2017 Harley-Davidson Sportster Forty-Eight

2017 Harley-Davidson Sportster Forty-Eight
2017 Harley-Davidson Sportster Forty-EightCRS

The Harley-Davidson Sportster Forty-Eight is Harley’s answer to the young and hip. With a peanut tank, bulldog stance, fat tires, and short fenders; it screams attitude and style.

Harley-Davidson has been producing Sportsters since the late 1950s, and they came as a follow up to the popular Model K Sport and Sport Solo motorcycles. Until 2014, they were the smallest and most economical models in the brand’s lineup.

Sportsters are a hit with riders, however, with Harley-Davidson selling more Sportsters than some other brands do all their models combined.

Despite aesthetic treatments and accessories, all of the models are powered by either Harley’s 883cc or 1200cc 45-degree V-Twin engine. From 1957 until 2003 motors were mounted directly to the frame, but all of the models since are rubber-mounted to make for a more comfortable ride. All models since 1991 feature five-speed transmissions, while everything previous only had four.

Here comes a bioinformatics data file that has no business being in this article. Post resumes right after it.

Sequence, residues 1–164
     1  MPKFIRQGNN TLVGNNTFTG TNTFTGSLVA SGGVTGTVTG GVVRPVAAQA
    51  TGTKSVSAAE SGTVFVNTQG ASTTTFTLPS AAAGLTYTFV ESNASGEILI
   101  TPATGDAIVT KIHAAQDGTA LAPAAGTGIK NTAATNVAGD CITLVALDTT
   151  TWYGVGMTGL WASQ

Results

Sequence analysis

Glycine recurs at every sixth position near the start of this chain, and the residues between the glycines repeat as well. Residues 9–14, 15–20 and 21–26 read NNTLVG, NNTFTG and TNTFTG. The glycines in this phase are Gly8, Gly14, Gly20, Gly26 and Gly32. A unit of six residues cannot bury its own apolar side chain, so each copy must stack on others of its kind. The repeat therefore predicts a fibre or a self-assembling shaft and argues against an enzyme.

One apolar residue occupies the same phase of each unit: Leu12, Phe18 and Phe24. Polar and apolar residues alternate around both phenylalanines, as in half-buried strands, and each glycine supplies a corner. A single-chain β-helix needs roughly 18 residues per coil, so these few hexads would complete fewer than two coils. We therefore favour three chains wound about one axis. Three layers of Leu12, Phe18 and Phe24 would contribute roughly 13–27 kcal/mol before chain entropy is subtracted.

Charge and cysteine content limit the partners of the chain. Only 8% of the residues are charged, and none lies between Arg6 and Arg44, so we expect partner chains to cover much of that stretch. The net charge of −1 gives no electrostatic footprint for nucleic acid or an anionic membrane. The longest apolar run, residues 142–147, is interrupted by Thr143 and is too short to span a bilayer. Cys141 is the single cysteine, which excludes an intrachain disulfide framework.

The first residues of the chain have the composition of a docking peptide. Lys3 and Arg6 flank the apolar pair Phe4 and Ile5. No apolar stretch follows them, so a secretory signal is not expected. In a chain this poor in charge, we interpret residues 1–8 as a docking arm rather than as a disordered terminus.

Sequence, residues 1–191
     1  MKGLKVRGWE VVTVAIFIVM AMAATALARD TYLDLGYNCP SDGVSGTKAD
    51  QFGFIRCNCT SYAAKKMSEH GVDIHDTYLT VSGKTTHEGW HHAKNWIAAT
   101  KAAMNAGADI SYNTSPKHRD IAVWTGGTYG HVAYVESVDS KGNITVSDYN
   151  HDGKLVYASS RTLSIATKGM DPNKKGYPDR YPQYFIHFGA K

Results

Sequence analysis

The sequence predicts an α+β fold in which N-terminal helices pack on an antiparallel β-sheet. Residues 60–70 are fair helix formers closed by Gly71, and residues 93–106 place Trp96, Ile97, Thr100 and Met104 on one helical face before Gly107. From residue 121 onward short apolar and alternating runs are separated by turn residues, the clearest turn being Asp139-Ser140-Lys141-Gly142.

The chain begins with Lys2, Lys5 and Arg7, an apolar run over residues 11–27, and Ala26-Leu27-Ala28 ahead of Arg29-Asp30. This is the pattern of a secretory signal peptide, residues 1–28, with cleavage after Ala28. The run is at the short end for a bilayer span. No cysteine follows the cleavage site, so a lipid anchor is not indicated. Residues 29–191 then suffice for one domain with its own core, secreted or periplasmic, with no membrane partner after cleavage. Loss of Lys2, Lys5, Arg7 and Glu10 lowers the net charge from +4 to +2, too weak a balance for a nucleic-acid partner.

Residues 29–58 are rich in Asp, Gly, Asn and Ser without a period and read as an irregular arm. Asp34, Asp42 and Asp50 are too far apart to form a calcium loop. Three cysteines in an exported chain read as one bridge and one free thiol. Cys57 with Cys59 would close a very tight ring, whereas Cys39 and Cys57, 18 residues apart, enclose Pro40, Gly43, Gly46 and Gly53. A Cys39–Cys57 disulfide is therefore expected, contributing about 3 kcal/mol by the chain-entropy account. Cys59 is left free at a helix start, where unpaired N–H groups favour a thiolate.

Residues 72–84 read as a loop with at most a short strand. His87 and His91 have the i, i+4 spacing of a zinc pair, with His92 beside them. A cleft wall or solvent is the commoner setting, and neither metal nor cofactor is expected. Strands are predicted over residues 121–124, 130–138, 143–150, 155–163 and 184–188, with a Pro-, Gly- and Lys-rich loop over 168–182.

Sportsters now come in various shapes and sizes. Models like the Superlow and 1200 Custom offer a more classic and traditional look, while the Iron 883, Forty-Eight, and Roadster appeal to a younger and more hip audience. Then there is the Superlow 1200T, which comes ready to hit the road on a long distance tour.

The Forty-Eight features Harley’s 1200cc V-Twin motor, large 49mm front fork, adjustable rear suspension, and a fat 130 mm wide front tire. It has a base MSRP of $11,299, but the possibilities are endless once you start playing in The Motor Company’s extensive aftermarket catalog.

2017 Harley-Davidson Sportster Forty-Eight Specs and Pricing

MSRP $11,299

Cycle World 2017 Harley-Davidson Sportster Forty-Eight Reviews

Thoughts from the Staff

"The Sportster Forty-Eight was one of my favorite bikes in the Harley-Davidson lineup until I got the chance to ride one. It proved to be that all the aesthetic choices that I loved so much were made in lieu of other, more comfort or performance-minded components, and the bike as a whole was just not as rideable as I was hoping."

Morgan Gales - Editor, Street Chopper Magazine